Documentary Takes a Look behind the Film Restoration Of "Jaws"

As part of Universal’s 100th anniversary, a team of restoration experts took on the task of digitally remastering the classic film “Jaws.” The fully restored feature required intense labor from colorists, digital artists, audio engineers, preservation experts, and everyone in between. In this fascinating documentary, we get a look at all the various complex efforts taken in order to bring the ‘70s blockbuster in to the digital age.

Director Steven Spielberg comments in the video, “It’s the movie that people remember, [now] it’s just really crystal clear and vivid.” Adding no material changes to such an iconic film should be very important to any restoration effort. Throughout the documentary, we are reiterated with the principle that this restoration is purely about clarity in visuals and sound.

According to the restoration documentary, “Jaws” had 2,700 pieces of material stored out of the 3,000,000 pieces that Universal vaults archive worldwide. These pieces, such as negatives and analog audio magazines, needed to be captured digitally before any remastering work could be done. A wet-transfer film gate was used for patching up scratched negative film as they digitized the film reels. The wet gate submerges the film in a liquid bath right before being digitally captured, a method that hides imperfections.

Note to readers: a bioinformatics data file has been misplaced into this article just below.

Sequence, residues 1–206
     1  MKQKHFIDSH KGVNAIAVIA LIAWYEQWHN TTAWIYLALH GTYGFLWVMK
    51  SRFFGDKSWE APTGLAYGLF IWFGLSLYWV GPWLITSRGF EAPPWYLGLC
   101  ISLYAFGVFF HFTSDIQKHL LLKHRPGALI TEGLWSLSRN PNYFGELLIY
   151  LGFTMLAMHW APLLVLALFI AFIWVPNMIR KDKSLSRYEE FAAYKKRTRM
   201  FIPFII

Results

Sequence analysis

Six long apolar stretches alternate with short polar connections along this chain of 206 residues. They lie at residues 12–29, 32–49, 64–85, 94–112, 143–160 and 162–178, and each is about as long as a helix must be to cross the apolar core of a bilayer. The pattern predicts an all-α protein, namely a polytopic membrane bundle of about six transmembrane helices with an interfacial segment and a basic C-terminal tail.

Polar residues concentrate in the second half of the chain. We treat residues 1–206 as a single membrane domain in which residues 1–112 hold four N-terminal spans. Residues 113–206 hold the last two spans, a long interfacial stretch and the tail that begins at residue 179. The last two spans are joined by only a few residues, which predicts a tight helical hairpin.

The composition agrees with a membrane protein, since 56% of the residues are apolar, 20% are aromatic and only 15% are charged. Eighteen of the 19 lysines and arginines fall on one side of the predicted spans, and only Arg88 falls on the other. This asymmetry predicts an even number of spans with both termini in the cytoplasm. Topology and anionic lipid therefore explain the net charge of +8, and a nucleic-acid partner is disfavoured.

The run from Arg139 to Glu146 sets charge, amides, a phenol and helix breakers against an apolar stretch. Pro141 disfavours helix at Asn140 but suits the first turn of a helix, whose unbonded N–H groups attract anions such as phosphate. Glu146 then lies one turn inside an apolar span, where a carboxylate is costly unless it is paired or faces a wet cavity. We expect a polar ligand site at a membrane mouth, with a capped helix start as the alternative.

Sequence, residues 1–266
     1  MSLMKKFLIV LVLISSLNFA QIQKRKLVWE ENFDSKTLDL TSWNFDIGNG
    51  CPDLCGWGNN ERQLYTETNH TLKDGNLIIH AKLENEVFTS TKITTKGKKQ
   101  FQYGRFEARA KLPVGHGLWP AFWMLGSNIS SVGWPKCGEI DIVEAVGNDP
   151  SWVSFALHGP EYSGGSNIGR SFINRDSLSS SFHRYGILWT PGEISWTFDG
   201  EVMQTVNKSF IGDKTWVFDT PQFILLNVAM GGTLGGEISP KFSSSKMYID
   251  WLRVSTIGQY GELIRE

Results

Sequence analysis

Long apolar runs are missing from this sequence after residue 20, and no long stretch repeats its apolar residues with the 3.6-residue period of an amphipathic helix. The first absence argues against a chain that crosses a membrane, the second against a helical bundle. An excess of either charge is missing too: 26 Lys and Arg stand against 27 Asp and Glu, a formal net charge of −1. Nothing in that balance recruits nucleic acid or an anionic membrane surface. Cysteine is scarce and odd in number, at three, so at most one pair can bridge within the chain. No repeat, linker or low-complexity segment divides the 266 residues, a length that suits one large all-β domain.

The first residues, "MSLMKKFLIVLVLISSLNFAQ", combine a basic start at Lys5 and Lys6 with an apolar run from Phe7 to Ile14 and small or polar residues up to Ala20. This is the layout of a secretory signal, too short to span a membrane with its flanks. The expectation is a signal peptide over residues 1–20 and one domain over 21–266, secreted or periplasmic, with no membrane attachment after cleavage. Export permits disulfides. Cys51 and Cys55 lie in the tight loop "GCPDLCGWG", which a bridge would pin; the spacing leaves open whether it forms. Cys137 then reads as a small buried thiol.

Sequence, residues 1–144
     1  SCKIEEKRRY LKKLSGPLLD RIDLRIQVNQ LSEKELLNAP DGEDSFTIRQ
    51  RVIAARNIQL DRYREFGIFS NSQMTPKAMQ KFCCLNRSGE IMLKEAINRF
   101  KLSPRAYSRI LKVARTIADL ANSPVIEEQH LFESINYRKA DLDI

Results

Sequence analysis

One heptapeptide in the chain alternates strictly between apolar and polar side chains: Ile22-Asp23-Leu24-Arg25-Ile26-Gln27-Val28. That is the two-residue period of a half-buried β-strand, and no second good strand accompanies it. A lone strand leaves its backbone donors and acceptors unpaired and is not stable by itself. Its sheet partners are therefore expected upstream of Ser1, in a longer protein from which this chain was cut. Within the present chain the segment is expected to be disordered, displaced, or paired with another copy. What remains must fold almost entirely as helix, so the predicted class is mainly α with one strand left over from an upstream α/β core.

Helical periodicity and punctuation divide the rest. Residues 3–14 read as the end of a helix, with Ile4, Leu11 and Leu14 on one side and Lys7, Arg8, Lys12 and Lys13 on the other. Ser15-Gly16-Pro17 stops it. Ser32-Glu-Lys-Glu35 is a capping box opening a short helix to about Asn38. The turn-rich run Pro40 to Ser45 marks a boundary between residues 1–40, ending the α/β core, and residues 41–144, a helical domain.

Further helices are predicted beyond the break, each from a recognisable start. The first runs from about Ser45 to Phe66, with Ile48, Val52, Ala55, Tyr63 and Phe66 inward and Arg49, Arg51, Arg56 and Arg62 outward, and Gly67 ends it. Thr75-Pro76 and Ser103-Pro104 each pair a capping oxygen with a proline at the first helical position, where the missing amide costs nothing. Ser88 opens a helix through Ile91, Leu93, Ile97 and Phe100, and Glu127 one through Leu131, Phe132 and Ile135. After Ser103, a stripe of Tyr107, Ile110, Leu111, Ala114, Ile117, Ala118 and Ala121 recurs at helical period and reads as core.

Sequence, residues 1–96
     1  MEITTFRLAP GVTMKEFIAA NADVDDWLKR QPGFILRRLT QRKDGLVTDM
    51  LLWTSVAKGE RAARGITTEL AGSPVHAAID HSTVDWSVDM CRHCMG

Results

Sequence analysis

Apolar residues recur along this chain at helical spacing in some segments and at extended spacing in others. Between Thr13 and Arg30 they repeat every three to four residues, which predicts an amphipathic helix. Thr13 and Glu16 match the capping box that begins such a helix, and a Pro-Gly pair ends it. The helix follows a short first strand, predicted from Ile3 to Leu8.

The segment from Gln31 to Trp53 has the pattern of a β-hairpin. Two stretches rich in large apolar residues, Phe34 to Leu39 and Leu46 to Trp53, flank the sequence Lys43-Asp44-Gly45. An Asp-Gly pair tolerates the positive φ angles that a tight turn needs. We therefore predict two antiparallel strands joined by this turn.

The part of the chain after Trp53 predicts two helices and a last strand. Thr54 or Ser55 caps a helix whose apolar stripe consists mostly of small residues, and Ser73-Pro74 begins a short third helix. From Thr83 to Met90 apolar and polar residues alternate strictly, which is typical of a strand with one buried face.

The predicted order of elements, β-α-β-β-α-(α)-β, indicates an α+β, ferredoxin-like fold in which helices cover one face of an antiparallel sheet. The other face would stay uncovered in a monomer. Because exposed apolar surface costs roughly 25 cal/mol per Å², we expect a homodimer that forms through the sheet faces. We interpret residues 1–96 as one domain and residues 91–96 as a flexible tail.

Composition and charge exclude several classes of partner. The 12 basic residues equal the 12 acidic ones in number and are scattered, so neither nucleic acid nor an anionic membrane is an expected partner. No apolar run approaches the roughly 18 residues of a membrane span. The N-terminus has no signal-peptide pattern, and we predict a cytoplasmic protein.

Once captured, the digital files were then be manipulated in ways that many of us are familiar with. The video shows various digital manipulations, compositing, painting, and color grading processes that took two to three hours per frame. In addition to the visuals, sound mixers brought in the original analog 35mm magazines and up-mixed them to 7.1 audio surround.

It’s been a couple years since this fully restored digital remaster came out. Have you had the chance to see this version? If so, were you impressed with the upgraded quality?

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3 Comments

Joe Watson's picture

This is pretty old, but awesome all the same!
My favourite movie really did get the treatment it deserves and to see how it amazing. Old film restoration would be my dream job.

Anonymous's picture

I was really hoping for a "remake" of this movie. Adding in new digital effects and everything, but this is still awesome

Kim Brown's picture

Noooo...
Not another remake...
I think it's time for Hollywood to actually find some real writers that don't rely on old films to re-hack, butcher and destroy rather than come up with some new, original stories.